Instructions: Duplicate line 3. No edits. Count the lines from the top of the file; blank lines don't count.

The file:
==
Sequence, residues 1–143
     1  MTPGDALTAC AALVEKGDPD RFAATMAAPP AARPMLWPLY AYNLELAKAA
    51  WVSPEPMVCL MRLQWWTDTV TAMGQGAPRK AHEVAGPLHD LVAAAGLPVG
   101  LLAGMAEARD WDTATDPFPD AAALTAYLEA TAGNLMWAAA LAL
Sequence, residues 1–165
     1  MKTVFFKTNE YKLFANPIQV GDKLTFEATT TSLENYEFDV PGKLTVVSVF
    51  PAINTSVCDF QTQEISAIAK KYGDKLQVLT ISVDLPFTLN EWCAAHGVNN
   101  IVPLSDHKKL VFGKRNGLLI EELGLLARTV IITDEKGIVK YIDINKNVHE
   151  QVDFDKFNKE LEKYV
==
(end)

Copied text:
    51  WVSPEPMVCL MRLQWWTDTV TAMGQGAPRK AHEVAGPLHD LVAAAGLPVG